Headlights                                         Conveyor Belt
Steering Wheel                                     Hood Ornament
Accelerator Pedal                                  Car Wash
Tow Truck Operator                                 Lawyer
                      Possible RAFT Formats

complaint                          review
confession                         resume
contest entry                      lecture
eulogy                             telephone dialogue
farewell                           travelogue
journal                            TV script
diary                              undercover report
legal brief                        wanted poster
memo                               warning
news story                         last will & testament
obituary                           written debate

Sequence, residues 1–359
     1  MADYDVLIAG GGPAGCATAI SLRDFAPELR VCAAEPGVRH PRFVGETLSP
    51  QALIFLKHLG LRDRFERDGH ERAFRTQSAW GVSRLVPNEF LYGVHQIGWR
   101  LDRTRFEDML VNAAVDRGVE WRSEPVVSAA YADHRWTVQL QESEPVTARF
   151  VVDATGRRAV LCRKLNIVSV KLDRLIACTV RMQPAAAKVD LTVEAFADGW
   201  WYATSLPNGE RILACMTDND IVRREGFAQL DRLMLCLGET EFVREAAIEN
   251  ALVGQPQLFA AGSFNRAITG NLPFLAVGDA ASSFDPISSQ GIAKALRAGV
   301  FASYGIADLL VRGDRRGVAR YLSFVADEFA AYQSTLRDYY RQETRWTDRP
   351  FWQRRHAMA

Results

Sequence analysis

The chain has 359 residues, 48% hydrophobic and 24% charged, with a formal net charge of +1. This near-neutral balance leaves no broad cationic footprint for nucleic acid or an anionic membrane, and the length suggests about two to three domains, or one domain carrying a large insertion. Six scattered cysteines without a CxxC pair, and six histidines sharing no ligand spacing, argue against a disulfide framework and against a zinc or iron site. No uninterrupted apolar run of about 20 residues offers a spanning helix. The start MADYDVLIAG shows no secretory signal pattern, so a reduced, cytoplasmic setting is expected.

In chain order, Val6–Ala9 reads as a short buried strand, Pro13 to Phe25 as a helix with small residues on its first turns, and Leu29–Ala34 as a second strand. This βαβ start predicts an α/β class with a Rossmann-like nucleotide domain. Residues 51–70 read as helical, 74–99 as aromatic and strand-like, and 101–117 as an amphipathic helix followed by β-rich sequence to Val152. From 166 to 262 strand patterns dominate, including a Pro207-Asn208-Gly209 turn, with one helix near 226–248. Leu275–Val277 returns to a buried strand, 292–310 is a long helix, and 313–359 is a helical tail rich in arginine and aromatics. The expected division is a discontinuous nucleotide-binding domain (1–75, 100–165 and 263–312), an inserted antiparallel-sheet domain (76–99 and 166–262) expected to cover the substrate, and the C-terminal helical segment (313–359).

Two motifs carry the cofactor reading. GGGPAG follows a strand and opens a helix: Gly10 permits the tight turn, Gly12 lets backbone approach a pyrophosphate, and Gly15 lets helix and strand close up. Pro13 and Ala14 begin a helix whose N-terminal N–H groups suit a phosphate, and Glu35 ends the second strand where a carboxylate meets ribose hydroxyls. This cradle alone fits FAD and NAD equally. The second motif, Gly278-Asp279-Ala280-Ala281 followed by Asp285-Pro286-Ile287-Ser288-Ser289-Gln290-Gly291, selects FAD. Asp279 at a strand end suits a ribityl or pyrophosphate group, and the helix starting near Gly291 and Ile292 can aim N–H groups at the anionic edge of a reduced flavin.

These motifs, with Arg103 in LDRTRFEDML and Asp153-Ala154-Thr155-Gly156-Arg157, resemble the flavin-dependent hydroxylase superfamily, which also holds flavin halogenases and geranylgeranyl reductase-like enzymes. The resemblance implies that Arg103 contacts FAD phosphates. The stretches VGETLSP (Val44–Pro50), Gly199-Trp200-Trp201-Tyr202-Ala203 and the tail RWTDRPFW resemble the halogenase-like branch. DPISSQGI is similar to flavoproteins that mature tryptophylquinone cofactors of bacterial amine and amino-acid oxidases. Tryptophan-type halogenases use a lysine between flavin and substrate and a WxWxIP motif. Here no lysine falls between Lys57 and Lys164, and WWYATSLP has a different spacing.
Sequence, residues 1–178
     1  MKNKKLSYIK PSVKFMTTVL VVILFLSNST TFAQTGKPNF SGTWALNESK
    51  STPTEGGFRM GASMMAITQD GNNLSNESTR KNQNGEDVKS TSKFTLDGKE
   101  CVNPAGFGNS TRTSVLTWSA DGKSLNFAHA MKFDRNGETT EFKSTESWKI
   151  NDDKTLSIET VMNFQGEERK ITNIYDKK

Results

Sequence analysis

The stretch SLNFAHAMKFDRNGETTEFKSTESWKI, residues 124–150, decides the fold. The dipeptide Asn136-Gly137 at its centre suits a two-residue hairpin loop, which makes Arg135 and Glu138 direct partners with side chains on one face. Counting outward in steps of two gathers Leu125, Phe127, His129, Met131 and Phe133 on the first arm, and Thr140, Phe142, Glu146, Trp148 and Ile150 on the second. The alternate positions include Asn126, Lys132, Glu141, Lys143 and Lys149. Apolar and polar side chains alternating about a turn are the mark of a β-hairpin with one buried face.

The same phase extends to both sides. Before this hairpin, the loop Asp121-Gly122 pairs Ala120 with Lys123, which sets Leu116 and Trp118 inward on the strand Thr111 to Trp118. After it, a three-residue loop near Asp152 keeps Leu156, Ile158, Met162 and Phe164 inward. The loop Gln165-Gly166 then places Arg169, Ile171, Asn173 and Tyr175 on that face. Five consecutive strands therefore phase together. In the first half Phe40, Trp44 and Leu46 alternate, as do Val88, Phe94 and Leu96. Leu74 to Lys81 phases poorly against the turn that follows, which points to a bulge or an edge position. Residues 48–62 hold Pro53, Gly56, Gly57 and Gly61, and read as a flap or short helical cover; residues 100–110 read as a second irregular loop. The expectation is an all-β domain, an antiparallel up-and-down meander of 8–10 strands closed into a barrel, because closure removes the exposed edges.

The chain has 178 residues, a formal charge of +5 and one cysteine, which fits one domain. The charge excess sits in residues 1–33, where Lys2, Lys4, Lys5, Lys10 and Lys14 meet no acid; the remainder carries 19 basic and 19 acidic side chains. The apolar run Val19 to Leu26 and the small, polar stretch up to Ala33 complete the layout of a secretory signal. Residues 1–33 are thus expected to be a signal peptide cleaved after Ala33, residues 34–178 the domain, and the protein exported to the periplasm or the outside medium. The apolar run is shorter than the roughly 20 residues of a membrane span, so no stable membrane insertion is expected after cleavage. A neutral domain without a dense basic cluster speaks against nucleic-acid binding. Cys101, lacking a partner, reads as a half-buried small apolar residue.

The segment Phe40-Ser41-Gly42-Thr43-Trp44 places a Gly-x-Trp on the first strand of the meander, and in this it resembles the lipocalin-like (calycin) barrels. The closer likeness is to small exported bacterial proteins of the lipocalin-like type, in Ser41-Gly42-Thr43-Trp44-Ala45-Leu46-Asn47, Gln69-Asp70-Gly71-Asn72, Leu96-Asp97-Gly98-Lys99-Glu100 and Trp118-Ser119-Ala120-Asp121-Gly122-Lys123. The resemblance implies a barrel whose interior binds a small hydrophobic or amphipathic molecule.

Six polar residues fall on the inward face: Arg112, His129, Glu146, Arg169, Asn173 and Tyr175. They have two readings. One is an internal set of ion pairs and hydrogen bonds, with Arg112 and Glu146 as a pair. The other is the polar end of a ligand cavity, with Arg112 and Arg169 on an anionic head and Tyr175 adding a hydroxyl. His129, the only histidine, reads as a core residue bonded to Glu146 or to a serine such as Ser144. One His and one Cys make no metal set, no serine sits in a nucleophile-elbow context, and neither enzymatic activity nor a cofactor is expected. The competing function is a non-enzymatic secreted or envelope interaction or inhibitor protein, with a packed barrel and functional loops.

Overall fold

pamphlet                           yearbook
photo essay                        poetry
recommendation                     wedding vows
sermon                             birth announcement




                       Possible RAFT Topics

fuel efficiency
buying a fuel efficient car
driving practices that save fuel
pollution caused by cars
over reliance on driving
aerodynamic vehicle
tire inflation


                        Strong Action Verbs

reprimand                          argue
clarify                            expose
plead                              uncover
convince                           proclaim
defend                             implicate
justify                            incriminate
instruct                           apologize
advertise                          promise
criticize                          scolding
persuade
Once you have become familiar with the basic ideas of a RAFT, begin working on your
own RAFT. Your assignment is written below.

RAFT Assignment
1. Your writing must address these four important factors:
Role
Audience
Format
Topic

2. Brainstorm ideas about a topic. The topic must be related to energy use in
transportation. Narrow your ideas down to 2 or 3 possible topics.

3. Sketch a RAFT for each of your topic ideas. List possible roles, audiences, formats,
and strong verbs that are appropriate for each topic.

4. Decide which RAFT you would like to write about. Write your favorite RAFT.